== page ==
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Kat Wallace And David Sasso Are The Stuff Of Stars

Lucy Gellman | September 4th, 2019

Kat Wallace And David Sasso Are The Stuff Of Stars

Music  |  Arts & Culture

 

StuffOfStars
Album artwork by Kat Wallace and David Sasso. 

Even before David Sasso comes over the mic in “Dreamer, Say,” there’s something rich and understated about the piece. A carpet of fiddle leads the listener in, woven tight and scented of pine and honey. It’s punctuated with warm mandocello, then more fiddle, winding upwards like a car on a mountain road. Kat Wallace joins in, her vocals clear as a bell on every line’s second word.

Where warm winds loll on the shady deeps,/Or lave themselves in the tearful mist
The great wild wave of the breaker weeps/O'er crags of opal and amethyst?

“Dreamer, Say”—whose words belong to poet James Whitcomb Riley—is the first track of Wallace and Sasso’s Stuff Of Stars, the duo’s richly poetic, musically tight and heartfelt first album. Released in mid August, Stuff Of Stars criss-crosses lyrical (and briefly, cosmic) territory, equal parts sumptuous and sparse with deep nods to Riley, Robert Frost, astronomer Carl Sagan, and fiddle griots past and present. In addition to three covers—which seem too thoughtful to simply be called covers—the album also features seven original pieces.

From the outset, Stuff Of Stars draws a thin, entirely porous line in the sand (or perhaps more aptly, in the stars) between Wallace and Sasso’s musical and literary diets and the original work that has come from them. On several tracks, the two go deep on the poets who have nourished them, turning old work over for new lyricism without ever losing the original language. As the album opens on “Dreamer, Say,” a loping pace lets the words glisten and drip, filling one’s chest all the way up.

Wallace_Sasso
Kat Wallace and David Sasso Photo.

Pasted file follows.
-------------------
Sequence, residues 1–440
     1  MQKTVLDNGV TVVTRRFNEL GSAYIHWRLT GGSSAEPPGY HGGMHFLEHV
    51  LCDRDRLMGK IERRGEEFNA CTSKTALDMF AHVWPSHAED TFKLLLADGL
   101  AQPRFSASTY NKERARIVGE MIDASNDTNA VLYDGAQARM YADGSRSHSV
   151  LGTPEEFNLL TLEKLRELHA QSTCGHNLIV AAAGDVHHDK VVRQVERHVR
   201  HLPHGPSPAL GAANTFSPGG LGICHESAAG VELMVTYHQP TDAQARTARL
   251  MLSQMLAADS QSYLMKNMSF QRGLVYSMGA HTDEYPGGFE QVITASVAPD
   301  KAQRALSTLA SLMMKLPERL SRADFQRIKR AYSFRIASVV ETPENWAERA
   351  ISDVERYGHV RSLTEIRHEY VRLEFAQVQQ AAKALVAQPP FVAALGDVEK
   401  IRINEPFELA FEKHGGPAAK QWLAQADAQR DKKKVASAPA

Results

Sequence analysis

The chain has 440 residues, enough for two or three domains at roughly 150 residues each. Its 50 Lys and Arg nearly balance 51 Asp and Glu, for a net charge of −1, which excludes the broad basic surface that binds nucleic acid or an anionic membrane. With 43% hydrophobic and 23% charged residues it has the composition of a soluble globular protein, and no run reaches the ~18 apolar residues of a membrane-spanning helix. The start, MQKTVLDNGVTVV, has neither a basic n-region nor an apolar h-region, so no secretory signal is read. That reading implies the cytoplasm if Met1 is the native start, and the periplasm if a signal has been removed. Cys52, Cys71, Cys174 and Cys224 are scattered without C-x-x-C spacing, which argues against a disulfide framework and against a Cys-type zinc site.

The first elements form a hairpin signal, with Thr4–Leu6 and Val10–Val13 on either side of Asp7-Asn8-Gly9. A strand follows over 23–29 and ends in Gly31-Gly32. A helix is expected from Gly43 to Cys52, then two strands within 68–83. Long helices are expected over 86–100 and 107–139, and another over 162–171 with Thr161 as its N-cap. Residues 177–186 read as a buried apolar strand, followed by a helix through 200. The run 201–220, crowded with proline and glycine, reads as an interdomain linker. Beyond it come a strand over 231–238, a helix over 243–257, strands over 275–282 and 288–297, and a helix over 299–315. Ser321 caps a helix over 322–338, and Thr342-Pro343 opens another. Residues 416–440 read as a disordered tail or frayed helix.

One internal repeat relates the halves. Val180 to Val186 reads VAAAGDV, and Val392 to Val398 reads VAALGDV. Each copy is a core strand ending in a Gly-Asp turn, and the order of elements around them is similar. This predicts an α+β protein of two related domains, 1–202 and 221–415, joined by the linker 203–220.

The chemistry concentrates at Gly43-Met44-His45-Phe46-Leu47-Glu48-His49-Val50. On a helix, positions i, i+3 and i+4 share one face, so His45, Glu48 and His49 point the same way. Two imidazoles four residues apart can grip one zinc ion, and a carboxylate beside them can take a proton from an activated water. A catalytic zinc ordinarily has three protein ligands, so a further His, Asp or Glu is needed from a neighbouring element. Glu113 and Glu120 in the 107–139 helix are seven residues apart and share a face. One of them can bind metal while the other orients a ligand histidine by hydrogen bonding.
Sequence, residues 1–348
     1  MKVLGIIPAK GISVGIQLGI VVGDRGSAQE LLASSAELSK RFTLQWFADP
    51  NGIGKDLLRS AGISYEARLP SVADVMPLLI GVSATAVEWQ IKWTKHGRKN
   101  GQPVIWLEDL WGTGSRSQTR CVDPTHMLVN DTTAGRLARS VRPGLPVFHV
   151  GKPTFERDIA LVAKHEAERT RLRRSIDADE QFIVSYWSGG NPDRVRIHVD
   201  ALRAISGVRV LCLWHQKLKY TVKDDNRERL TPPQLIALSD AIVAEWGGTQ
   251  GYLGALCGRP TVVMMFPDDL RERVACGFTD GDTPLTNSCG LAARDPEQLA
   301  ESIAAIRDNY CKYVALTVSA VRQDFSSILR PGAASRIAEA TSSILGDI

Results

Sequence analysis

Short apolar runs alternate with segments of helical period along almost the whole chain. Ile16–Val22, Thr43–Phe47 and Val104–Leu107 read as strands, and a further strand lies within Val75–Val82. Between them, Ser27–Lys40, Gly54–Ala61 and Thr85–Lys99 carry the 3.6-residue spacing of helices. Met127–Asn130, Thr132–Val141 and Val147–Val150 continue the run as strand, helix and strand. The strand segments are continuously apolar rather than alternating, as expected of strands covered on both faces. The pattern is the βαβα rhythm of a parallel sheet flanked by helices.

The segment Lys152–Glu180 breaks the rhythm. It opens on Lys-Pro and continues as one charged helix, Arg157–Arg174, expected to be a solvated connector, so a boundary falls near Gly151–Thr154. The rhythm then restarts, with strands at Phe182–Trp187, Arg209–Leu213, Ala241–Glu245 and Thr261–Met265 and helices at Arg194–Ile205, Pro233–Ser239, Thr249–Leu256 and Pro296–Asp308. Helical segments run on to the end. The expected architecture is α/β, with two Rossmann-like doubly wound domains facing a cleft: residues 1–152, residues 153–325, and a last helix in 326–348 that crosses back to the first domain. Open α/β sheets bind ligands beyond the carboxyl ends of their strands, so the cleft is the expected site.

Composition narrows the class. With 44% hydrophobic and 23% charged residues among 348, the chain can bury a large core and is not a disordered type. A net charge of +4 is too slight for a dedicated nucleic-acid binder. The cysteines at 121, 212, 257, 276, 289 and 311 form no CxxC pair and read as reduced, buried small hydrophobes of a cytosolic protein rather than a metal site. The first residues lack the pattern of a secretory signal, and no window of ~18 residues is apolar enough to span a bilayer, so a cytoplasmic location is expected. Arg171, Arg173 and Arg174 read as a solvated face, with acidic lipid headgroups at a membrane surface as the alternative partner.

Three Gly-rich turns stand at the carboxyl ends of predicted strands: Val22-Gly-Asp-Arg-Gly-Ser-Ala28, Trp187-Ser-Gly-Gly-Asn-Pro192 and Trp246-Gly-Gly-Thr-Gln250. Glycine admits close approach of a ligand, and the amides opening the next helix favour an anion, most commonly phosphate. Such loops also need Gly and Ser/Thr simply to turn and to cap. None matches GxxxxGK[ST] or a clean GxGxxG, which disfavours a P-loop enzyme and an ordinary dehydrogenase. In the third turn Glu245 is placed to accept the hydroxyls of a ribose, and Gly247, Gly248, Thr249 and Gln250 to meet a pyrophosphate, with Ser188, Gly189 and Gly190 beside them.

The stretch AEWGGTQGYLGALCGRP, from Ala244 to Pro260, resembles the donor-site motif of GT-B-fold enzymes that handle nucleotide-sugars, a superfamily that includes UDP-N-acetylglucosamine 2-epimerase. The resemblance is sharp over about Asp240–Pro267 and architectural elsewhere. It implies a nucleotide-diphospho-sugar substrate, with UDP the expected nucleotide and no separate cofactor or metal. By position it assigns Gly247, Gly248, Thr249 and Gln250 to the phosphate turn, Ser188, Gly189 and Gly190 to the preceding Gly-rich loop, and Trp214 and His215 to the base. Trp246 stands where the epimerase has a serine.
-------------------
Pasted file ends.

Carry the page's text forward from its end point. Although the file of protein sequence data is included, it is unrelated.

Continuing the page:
In “Dust Of Snow,” based on the eponymous poem by Robert Frost, the musicians slow back down enough that the beginning of the song feels unbearably sad, then lifts just as the poet’s mood once did. It feels fitting and reverent, just as these long-dead men likely hoped their work would be interpreted, re-interpreted, and kept alive well after they had expired. Riley’s words have a deeply existential weight to them; Frost’s are laced with an austere beauty that seems made for Sasso, although it is very much the other way around.

And in between those words and their own, the two find their footing. As they play in “The Best Is Good Enough” Wallace and Sasso start with Riley’s words, but weave in new lines that they’ve written, channeling an ink-splattered sensibility and meter that’s more than a century old. It’s like putting a person in period dress and dropping them in front of a diorama from the same period: the listener can’t tell where one ends and the other ends. All the while, the piece hurdles forward at a fiddle-flecked sprint. If the listener doesn’t hold on, they risk missing the entire thing.

But Wallace and Sasso, who met in the New Haven group Five In The Chamber, also hold their own on original material. They are smart and literary but also unpretentious, sometimes funny and quite winsome, with a musical grab bag of tricks that keeps giving. On “I’ll Stay Around,” Wallace comes in with a kind of wild naïveté, painting a portrait of her native East Haven before the listener even knows what they’ve gotten their ears on.